Ebola Getting Out of Control in the Democratic Republic of Congo

This story has been in my drafts folder for a while. I can’t get too worked up about Ebola because I don’t see how it can become a real problem for the US, though I’m sure there is some way it can. Besides, there are other diseases that are real problems today, that we could worry about. Still, lets pull it out of drafts and take a look at the situation in the DRC.

If a picture is worth a thousand words, this one is screaming that the epidemic is out of control. ‘Nothing short of terrifying’: Ebola death toll hits 1,000 as lethal virus spreads. (Click the image for a larger view.)

Mistrust has hindered efforts to rapidly contain the highly contagious disease, with a quarter of people in the region believing that the Ebola virus does not exist. Others have accused the authorities of fabricating the outbreak for political gain – voters in the region were not able to partake in national elections in February due to the crisis.

Violence is also rife. The area surrounding Butembo has been at the centre of conflict for more than two decades, and over one hundred armed groups are in operation in the region.

You can’t help people who don’t want help.

The recent spike in cases is in part because efforts to control Ebola were temporarily halted following a string of attacks on treatment centres, threats against health workers and the murder of a WHO epidemiologist.

People Are Worried About the Wrong Thing

Ebola is bad, but it isn’t likely to get here by way of illegal immigration. It takes too long for people to get here that way. 20 Illegal Aliens from Congo Being “Monitored for EBOLA” at U.S. Border.

TB on the other hand is a real problem.

“TB is an ongoing issue in the state of Texas,’ [Laredo Health Director Dr. Hector Gonzalez] explained. “Between Texas, California, and New York, we have 50 percent of the cases of TB and the border has the most. Brownsville has the biggest number of cases.”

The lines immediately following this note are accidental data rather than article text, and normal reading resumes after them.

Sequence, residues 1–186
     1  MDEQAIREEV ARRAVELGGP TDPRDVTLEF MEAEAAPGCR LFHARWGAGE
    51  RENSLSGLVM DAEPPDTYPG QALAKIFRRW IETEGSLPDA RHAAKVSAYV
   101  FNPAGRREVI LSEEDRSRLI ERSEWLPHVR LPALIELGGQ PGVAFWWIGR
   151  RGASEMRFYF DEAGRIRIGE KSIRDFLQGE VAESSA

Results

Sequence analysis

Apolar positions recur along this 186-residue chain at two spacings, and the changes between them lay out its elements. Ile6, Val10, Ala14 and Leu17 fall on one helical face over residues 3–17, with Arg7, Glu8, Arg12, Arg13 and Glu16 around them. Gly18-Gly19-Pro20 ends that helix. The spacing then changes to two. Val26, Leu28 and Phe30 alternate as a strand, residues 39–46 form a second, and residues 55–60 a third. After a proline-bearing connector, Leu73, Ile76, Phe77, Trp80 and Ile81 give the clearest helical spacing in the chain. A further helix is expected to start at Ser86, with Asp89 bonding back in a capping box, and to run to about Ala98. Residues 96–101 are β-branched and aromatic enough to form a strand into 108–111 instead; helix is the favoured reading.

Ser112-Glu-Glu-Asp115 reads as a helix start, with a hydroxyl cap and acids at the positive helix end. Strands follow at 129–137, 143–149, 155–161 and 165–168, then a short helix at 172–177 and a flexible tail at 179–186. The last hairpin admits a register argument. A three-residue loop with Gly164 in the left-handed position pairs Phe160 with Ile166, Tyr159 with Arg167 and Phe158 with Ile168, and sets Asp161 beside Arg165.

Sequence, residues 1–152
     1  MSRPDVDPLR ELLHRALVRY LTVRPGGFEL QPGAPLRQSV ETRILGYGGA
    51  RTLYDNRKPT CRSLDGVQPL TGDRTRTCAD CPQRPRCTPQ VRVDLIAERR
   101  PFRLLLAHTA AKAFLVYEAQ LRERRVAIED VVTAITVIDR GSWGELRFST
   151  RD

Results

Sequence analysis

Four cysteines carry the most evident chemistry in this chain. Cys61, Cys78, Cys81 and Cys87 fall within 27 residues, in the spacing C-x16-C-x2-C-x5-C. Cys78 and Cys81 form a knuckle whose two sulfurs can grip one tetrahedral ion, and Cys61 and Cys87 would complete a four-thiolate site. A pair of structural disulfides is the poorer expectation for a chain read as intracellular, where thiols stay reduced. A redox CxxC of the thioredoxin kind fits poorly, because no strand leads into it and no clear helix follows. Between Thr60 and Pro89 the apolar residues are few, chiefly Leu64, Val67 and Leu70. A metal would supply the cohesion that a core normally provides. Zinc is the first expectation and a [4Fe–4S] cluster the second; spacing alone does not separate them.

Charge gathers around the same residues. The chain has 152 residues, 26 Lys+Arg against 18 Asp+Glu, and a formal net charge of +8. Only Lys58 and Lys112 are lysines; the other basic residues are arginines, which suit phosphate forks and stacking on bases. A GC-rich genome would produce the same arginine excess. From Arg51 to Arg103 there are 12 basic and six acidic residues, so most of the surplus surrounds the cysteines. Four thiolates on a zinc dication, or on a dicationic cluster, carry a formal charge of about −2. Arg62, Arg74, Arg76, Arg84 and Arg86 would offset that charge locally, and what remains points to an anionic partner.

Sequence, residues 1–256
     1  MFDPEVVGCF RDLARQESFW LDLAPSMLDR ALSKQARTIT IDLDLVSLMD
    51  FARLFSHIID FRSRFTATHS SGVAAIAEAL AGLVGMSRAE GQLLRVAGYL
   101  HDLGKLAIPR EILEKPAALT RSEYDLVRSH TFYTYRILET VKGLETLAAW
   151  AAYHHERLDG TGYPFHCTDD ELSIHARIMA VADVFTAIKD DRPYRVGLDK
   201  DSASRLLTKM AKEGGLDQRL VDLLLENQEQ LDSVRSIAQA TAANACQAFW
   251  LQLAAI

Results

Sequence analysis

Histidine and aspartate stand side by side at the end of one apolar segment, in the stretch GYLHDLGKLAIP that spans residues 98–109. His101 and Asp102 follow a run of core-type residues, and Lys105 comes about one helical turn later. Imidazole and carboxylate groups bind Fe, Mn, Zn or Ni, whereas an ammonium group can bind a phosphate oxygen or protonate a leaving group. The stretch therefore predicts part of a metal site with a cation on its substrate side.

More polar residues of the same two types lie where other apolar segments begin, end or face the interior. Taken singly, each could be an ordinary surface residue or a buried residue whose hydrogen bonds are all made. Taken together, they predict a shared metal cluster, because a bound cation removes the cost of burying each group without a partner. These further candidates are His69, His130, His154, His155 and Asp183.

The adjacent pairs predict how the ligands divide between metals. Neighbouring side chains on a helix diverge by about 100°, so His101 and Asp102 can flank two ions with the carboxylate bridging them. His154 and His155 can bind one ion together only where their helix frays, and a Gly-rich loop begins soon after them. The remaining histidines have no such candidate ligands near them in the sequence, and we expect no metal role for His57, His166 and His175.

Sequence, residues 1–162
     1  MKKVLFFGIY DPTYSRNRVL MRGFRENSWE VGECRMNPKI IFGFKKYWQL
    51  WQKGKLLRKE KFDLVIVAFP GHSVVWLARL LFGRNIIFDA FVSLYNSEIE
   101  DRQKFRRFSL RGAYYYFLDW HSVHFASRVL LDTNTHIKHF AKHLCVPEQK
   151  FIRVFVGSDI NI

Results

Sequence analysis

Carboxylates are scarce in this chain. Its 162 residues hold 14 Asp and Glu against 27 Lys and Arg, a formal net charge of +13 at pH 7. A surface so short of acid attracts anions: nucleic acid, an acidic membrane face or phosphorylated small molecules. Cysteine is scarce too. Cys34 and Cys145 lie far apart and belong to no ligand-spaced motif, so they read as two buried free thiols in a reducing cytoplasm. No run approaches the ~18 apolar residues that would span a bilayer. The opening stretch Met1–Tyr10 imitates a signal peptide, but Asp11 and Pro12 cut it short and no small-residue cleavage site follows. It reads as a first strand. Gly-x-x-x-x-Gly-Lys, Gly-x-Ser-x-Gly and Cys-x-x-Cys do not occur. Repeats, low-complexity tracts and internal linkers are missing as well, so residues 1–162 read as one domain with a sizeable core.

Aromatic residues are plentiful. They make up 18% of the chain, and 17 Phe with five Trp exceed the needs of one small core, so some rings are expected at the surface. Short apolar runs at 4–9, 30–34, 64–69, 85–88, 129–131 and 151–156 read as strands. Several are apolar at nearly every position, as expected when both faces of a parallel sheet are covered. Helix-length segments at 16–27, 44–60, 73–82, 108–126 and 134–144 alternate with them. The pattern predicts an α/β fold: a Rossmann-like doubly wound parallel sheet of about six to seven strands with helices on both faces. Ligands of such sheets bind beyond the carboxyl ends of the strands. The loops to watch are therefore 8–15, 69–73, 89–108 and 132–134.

Because there is TB, Multi-drug resistant TB (MDR-TB), and Extremely drug-resistant TB (XDR-TB). Regular TB costs about 100 bucks to cure, if you can give people medicine over time and KNOW they will take it. The other forms require hospitalization, quarantine and whole lot more drugs.

Hat tip to Wirecutter.

Never Say Hollywood Doesn’t Know How to Make Money Off a Crisis

Hundreds of people are dead. Hundreds more are sick. (The mortality rate is about 50% right now.) And the outbreak is spreading. Hollywood’s response? “Let’s make money!” See Julianna Margulies in first look at scary Ebola miniseries The Hot Zone. If there is a better example of Hollywood feeding off the tragedy of others, it doesn’t jump to mind right now.

By that description alone, you can deduce it won’t be realistic. You won’t see people die by bleeding from every orifice in their body. You won’t see them vomiting blood, losing control of their bowels, or any of the other things that go along with hemorrhagic fever. That wouldn’t be very entertaining.

21st Century Hollywood is known for its low bar on class, morality, decency, etc. But this seems like an extreme way to make money. Or at least it does to me.

UPDATE: If you behind on the status of Ebola… see this link.

I Thought We Had Learned the Lessons of Ebola

But the people of The Democratic Republic of the Congo haven’t been told or don’t believe those lessons. Ebola outbreak reaches city of 1 million residents.

The Ebola outbreak in the Democratic Republic of the Congo has spread to a city of nearly 1 million residents. There are now 30 confirmed cases and 15 deaths in the city of Butembo reported in the latest update provided by the World Health Organization (WHO). The number of cases in the city center is still low, according to Doctors Without Borders, but that number is rising quickly in more outlying districts and suburbs.

There are limited supplies of the vaccine – which is still under trial I believe. And there have been reports of aggression against the Safe and Dignified Burial teams. (Those teams help stem the spread of the disease.)

Under the “Why you should care” heading. Butembo is near Uganda and South Sudan, and not too far from Nairobi, Kenya. If it spreads to Nairobi, it will probably spread a lot farther. (International air travel anyone?)

And I was just about ready to change the Category of “Ebola” to a tag, since it didn’t look like we would have another outbreak like the last. This is looking like the last outbreak. Maybe it is worse than the last outbreak.

Liberia Declared Ebola Free

Liberia was hard hit by the 2014 Ebola outbreak, but they seem to have gotten it whipped. In Liberia, Ebola outbreak is declared officially over – The Washington Post.

Liberia, the West African nation where Ebola claimed the highest number of deaths in the largest outbreak since the virus emerged in 1976, has gone 42 days without any new Ebola cases, according to a statement released by the WHO.

The 42-day period represents double the maximum incubation period for the virus since the last victim of Ebola was buried.

The numbers in Liberia are staggering.

Since Liberia’s latest outbreak began in March 2014, the country has seen more than 3,000 laboratory-confirmed cases of Ebola and another 7,400 probable cases, leading to more than 4,700 deaths, according to the WHO. A total of 375 health workers were infected and 189 lost their lives.